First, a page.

A.B. Caldwell, ed., The History of the American Negro and His Institutions, Georgia Edition (1917).
“On June 26, 1907, [Newton Alexander Doyle] was married to Miss Ella Stokes, a daughter of Henry and Charity Stokes, of Wilson, N.C. Prior to her marriage she was a teacher. They have three children: Geraldine, Christine and Leonora.”
Dr. Newton A. Doyle, 33, of Gainesville, Georgia, married Ella Stokes, 24, of Wilson on 26 June 1907. [Their license reports Ella’s parents as unknown. The 1880 census of Jackson township, Nash County: farm laborer Thomas Stokes, 27, wife Charity, 31, and their children, including daughter Ella, 7. This Ella Stokes is several years older than Ella Stokes Doyle.] Dr. Frank S. Hargrave applied for the license, and Missionary Baptist minister Fred M. Davis performed the ceremony at Moses Brandon‘s house in the presence of Estella Holden and Roberta Battle. [Presumably the couple met at Shaw University.]
In the 1910 census of Gainesville, Hall County, Georgia: at 60 Athens Street, physician Nathan [sic] A. Doyle, 35; wife Ella, 30; daughter Julia, 1; and sister Florence, 20, a public school teacher.
On 12 September 1918, Newton Alexander Doyle registered for the World War I draft in Hall County. Per his registration card, he was born 30 September 1873; resided at 60 Athens Street, Gainesville; worked as a physician; and was of medium build with gray eyes and sandy hair. Ella Doyle was his nearest relative.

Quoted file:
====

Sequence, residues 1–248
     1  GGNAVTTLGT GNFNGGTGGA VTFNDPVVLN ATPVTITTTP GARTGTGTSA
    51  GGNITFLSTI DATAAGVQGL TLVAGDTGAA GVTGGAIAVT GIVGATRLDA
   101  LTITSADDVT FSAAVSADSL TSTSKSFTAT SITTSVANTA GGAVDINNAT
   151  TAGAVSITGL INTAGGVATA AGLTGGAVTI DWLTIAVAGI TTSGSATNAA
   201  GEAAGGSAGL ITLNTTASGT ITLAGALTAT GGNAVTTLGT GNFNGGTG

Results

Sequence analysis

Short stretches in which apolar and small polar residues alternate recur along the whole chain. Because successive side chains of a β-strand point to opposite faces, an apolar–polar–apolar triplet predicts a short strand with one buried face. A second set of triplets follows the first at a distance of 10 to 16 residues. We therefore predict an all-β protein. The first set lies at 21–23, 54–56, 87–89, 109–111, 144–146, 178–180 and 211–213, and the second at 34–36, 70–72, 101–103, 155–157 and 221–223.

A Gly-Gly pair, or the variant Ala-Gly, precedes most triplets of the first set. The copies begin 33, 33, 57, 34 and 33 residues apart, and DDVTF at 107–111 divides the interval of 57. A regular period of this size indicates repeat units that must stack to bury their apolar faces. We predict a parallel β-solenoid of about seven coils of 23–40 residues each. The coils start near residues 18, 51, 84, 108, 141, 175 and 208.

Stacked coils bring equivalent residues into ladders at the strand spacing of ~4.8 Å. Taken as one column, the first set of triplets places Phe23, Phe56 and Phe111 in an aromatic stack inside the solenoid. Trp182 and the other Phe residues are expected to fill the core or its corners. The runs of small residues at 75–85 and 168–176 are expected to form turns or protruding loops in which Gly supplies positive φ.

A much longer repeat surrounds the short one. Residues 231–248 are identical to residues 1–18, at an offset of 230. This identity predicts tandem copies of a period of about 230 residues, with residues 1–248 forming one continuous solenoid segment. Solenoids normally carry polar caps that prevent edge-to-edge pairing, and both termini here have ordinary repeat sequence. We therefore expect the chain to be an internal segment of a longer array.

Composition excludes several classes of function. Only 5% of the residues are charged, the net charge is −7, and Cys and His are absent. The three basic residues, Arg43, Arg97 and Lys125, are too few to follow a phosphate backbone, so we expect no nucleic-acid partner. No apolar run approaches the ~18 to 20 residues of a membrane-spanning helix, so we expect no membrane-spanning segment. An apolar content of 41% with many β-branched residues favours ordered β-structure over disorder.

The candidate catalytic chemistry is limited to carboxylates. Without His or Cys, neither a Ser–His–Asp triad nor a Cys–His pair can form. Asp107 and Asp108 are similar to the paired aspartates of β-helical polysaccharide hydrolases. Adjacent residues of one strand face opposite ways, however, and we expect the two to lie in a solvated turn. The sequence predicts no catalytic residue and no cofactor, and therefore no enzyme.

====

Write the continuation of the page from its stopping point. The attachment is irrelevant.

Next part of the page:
In the 1920 census of Gainesville, Hall County, Georgia: at 60 Athens Street, physician Newton O. Doyle, 45; wife Ella, 39; and daughters Geraldine, 10, Christine, 8, and Ella Lenore, 6.
In the 1930 census of Gainesville, Hall County, Georgia: at 60 Athens Street, physician Newton A. Doyle, 56; wife Ella, 49; daughters Christine, 19, and Lenora, 17; and nephew Willie, 25, a drug store clerk.
Newton A. Doyle died 18 January 1936 in Gainesville. His estate, perhaps battered by the Depression, was relatively modest: mortgaged vacant lots in Gainesville and Jefferson County, Alabama; the stock of medicines and merchandise in his drugstore at 78 Athens Street; a second-hand Essex automobile; and the furnishings and accessories of his home and business, many yet unpaid for.
In the 1940 census of Gainesville, Hall County, Georgia: on “street S. of Queen near Negro School,” Burnette W. Gallman, 31, public school principal; wife Lenora D., 26, school teacher; and mother-in-law Ella Doyle, 61.
Keowee Courier (Pickens, South Carolina), 3 July 1907.